4 Best Lenses for Indoor Sports Photography

While all the best sports photography lenses have some traits in common, you’ll find that the requirements for an excellent indoor and outdoor sports lens are a bit different. And if you’re mainly planning on shooting indoor sports, buying the right lens is important.

I’m Caleb, and I have five years of experience with sports photography. I’ve shot many sports and events, including indoor ones like basketball, boxing, and wrestling.

In this article, I’ll go over what to look for in an indoor sports lens and which ones are the best on the market. I’ll cover lenses for various uses, so you’ll almost certainly find one that fits your photography style.

Key Takeaways

What Type of Lens Do I Need for Sports Photography?

Whether you’re shooting indoor or outdoor sports, you’ll need a lens with the right range for the sport you’re shooting and a wide maximum aperture.

With indoor sports photography, where the lighting conditions are often not optimal, it’s important to have your aperture as wide as possible. You might also want to avoid pushing the shutter speed higher than you need to, as this will help prevent underexposure.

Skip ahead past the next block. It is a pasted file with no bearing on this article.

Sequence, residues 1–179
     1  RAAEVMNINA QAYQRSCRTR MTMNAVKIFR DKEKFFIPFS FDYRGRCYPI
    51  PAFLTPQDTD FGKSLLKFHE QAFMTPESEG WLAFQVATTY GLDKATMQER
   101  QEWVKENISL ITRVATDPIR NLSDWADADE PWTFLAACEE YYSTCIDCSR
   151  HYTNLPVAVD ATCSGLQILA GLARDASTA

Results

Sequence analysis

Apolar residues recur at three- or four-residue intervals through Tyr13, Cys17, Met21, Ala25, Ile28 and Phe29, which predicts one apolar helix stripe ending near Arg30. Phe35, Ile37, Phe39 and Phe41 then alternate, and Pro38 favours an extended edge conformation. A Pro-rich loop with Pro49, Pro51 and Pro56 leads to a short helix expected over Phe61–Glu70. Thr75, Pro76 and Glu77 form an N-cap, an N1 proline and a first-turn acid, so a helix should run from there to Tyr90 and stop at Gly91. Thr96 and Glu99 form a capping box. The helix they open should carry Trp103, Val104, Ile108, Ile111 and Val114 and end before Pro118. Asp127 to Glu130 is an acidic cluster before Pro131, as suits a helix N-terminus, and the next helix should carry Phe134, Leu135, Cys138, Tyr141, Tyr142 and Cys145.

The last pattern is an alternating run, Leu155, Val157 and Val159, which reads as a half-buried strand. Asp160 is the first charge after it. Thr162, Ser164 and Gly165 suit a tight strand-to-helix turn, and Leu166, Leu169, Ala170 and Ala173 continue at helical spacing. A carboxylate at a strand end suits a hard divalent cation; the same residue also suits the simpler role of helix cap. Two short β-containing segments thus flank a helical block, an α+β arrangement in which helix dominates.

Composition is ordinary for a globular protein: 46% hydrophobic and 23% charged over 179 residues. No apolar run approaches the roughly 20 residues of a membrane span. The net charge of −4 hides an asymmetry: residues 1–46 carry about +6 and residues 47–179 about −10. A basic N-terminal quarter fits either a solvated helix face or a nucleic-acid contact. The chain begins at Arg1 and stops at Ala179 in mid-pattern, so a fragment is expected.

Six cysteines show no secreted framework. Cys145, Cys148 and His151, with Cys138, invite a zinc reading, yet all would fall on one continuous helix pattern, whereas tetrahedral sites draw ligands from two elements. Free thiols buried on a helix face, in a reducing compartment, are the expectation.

Yes. In fact, 300mm is more than enough for shooting most indoor sports, and depending on your position in the venue, it might give you too much range.

What Makes The Best Lens for Indoor Sports Photography

Here are some things to consider when comparing lenses for indoor sports photography.

  • Range: Consider the range of your lens. You’ll shoot from relatively close to the playing area in many indoor sports. In these cases, you don’t want a lens where the minimum focal range is too far out.
  • Max Aperture: Like shooting outdoor sports, it’s essential to have a wide maximum aperture. F/2.8 is ideal. This is even more important for indoor sports because it will help deal with the lower lighting level.
  • Autofocus: If your lens has poor autofocus performance, you won’t be able to take full advantage of your camera’s autofocus capabilities.